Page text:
Where Do the Quotation Marks Go?

posted in: Writing 0

Number-lovers pursue careers in every field, with the accounting profession welcoming a significant percentage of these mathematically inclined individuals. In some cases, the affinity for math is matched by an equal appreciation for art, history and languages, but there are a good number of accountants who just plain didn’t enjoy English class. Let’s face it: writing isn’t everyone’s cup of tea.

Whether or not that’s true for you, your accounting firm needs well written, grammatically correct and properly punctuated marketing communications in order to deliver your message effectively. Where and when to use quotation marks is one of the punctuation issues that trips up writers all the time. Let’s take a quick tour of the rules, so that the next time you’re wondering, “inside or outside?” you’ll know exactly how to answer the question.

First, be aware that confusion regarding quotation marks in no way implies dementia. Sure, you learned them in school, but these rules are more variable and dynamic than almost any other point of grammar, so it’s completely reasonable to become less sure of the correct way to use quotation marks as time passes. Accepted protocols vary by region as well as context, and standard usage is changing rapidly to boot (partially because of increased exposure to this variability). The only constant is that quotation marks are used to set apart certain bits of text.

To show what someone said using their own words, i.e. a direct quote, here’s how to use quotation marks:

  • In the United States, commas and periods go inside quotation marks. That’s not true in many other English-speaking countries, so if you’ve seen British literature or news articles that place these marks outside, now you know why.
  • Colons and semi-colons go outside quotation marks.
  • Question marks and exclamations go inside if they apply to the quoted words (She asked, “Will you please pass the butter?”) and outside if they more properly modify the entire sentence (Who said, “Give me liberty or give me death”?).
  • Quotes inside of quotes require the use of single quotation marks. To avoid confusion, use single quotation marks for internal quotes. (She said, “I left the room right after he said, ‘To be or not to be, that is the question.’ He probably went on for hours.”)

When communicating technical instructions, put only the pertinent information inside the quotation marks. (Be sure to label your file as “V.3.0.21”.) Otherwise, readers might wonder whether the sentence’s punctuation should be included.

In computer programming, quotation marks are placed inside the symbols that separate one line of code from the next. Since so many people are coding these days, it’s common for them to adopt the same pattern in their writing. Combined with greater exposure to content written by non-U.S. authors, this is driving the trend toward confusion about quotation marks and will probably hasten an official change in the policy for American English.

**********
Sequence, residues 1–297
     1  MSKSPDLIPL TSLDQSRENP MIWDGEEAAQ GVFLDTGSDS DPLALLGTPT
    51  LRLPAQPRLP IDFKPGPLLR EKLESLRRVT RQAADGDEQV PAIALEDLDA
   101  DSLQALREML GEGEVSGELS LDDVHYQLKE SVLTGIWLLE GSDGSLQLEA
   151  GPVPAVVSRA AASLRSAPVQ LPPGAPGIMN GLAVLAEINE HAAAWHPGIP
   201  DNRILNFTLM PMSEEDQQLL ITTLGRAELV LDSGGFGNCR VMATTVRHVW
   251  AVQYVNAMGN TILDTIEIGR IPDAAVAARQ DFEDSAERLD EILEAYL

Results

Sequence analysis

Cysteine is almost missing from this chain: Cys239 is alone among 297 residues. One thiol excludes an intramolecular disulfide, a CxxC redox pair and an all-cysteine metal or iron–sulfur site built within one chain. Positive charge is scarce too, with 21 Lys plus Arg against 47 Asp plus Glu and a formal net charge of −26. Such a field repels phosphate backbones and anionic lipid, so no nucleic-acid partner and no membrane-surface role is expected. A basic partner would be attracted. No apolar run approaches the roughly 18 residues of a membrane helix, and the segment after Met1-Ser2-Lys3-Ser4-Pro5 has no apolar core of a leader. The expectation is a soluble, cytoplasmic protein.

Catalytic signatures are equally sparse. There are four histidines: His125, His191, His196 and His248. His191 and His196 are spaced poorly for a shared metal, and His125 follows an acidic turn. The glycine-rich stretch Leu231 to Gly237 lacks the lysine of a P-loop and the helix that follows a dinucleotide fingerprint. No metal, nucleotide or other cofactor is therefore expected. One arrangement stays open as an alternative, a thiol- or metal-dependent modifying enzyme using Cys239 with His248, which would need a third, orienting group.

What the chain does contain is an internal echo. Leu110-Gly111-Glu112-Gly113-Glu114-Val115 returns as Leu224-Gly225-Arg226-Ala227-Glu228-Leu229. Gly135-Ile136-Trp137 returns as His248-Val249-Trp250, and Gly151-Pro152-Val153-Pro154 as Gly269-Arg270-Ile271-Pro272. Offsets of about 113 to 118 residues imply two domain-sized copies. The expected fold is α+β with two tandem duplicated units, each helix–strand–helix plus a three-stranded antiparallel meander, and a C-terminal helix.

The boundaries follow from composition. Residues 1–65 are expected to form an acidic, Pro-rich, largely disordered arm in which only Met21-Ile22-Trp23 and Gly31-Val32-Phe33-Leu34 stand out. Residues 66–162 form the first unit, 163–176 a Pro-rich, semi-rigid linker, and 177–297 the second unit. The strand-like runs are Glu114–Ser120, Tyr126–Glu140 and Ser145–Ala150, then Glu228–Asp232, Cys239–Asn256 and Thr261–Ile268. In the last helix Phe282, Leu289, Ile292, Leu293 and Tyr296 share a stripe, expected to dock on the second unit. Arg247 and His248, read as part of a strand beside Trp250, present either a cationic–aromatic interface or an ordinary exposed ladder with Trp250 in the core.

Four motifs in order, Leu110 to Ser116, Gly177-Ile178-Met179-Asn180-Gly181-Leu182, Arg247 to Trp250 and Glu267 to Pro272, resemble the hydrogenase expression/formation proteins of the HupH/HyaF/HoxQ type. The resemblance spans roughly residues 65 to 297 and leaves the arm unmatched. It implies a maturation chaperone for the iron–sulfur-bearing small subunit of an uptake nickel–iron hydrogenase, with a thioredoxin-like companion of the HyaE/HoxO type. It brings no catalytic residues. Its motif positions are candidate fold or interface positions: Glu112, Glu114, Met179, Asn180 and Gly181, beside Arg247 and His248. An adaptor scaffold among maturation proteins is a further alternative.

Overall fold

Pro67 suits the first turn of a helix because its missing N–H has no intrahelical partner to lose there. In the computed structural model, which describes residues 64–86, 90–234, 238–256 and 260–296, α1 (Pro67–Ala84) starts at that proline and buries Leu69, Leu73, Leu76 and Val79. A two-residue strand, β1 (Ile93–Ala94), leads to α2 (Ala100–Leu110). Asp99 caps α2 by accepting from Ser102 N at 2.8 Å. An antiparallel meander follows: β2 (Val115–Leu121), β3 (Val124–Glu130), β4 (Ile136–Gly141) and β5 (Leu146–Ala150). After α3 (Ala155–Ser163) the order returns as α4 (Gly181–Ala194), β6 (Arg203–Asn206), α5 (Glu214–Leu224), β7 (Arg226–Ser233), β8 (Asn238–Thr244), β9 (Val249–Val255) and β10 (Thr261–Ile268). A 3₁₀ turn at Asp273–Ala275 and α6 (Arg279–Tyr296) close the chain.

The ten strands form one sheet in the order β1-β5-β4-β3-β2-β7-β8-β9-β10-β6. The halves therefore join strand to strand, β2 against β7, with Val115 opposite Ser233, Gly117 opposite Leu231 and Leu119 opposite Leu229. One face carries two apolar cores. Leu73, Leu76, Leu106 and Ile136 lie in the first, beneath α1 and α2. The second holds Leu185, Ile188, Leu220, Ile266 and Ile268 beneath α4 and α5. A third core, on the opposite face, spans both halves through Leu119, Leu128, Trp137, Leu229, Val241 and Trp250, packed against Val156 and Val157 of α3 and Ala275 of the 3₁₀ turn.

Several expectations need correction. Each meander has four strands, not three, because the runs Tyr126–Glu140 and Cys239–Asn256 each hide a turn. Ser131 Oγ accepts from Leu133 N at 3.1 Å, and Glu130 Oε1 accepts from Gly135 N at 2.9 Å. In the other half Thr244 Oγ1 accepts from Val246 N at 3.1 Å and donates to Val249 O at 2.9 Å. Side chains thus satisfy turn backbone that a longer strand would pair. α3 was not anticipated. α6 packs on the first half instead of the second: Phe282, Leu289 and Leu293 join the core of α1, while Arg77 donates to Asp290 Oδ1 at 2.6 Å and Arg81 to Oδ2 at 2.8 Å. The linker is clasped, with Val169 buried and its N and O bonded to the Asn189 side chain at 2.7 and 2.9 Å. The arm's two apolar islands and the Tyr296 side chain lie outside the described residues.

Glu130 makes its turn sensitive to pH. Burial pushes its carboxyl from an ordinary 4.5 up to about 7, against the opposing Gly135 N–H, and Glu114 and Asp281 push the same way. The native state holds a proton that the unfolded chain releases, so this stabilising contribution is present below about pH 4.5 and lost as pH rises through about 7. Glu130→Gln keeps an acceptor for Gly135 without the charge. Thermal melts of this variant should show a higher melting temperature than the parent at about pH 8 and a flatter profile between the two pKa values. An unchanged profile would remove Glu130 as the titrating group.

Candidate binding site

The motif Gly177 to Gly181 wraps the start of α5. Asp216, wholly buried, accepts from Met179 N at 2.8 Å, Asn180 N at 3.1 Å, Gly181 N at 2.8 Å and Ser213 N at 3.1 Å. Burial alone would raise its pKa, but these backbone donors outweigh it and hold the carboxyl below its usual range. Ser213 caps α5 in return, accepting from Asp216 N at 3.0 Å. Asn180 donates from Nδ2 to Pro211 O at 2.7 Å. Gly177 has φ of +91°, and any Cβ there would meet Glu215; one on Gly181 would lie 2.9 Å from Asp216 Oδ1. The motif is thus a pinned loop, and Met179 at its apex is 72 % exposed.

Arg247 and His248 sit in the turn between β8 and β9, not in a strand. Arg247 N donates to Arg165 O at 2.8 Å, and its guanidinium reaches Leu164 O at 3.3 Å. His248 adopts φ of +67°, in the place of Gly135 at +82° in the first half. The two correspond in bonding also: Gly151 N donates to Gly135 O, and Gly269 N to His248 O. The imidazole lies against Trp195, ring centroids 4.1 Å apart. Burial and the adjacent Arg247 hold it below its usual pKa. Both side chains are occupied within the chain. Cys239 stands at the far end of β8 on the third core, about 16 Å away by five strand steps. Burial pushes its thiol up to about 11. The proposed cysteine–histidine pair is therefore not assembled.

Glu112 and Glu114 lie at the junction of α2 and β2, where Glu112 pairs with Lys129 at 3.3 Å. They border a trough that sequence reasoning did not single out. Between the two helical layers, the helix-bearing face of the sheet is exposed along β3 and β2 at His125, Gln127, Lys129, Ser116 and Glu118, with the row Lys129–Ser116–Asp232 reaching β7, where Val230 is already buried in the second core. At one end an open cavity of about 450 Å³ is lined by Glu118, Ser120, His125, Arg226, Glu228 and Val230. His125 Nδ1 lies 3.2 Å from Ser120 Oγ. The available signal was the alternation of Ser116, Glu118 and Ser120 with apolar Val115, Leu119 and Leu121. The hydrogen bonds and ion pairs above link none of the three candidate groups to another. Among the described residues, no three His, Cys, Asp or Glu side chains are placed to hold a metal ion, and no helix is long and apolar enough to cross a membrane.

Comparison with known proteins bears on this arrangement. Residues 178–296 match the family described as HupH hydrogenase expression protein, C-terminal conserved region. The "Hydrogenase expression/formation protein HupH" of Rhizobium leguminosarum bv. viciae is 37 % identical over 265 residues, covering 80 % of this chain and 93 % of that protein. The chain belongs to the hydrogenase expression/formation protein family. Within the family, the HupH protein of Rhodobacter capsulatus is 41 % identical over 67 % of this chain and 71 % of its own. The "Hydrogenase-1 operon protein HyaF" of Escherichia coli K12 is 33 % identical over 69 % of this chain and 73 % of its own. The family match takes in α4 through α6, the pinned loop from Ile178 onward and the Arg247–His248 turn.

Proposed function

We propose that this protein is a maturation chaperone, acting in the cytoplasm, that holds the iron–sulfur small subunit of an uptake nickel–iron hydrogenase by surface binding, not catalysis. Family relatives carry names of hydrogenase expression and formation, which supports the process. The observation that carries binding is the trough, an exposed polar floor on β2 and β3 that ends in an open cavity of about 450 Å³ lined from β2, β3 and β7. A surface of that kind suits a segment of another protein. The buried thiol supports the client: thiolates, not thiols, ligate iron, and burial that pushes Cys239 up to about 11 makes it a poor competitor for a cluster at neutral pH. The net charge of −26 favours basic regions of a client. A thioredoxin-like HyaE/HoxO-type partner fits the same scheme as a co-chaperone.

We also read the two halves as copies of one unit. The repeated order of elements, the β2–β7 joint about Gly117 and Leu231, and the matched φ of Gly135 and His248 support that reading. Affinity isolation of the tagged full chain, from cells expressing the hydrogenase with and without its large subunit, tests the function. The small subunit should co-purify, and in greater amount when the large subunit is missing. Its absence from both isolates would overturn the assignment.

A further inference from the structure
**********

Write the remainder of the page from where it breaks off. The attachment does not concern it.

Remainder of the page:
Quotation marks are NOT used to show emphasis. Or rather, they are, but this is a mistake. It’s not only an egregious violation of punctuation rules, but also counter-productive. How do you feel about a store with “fresh” produce and “clean” restrooms? Excited to have my “gifted” kid at your school? Would you hire an “expert” plumber? How about a lawyer who promised he was “qualified”?

Misusing quotation marks in this way casts doubt on the claim, where none would have existed if the words were simply presented in their correct form. If you want to show emphasis use a bigger font, bold text, a different color or as many modifiers as you like. It may sound over the top, but it’s more appealing than a ride with a “careful” driver, a performance by a “talented” singer or a chance to leave your child with an “experienced” babysitter. Heck, use flashing neon lights or dancing babies, but whatever you do, don’t use quotation marks to make your point.

Follow Sarah:
Sarah Warlick is responsible for making us and all of our clients sound professional and eloquent as the content director at bbr marketing. In this role, Sarah is in charge of ensuring that all copy is well-written, accurate and free of pesky typos before it heads out the door. Additionally, she is a prolific writer and a frequent contributor to bbr marketing’s blog sites. She spends a good deal of time writing copy for our clients and has a unique way of crawling into our clients’ heads to create ghostwritten copy that sounds as if it came directly from their pen.
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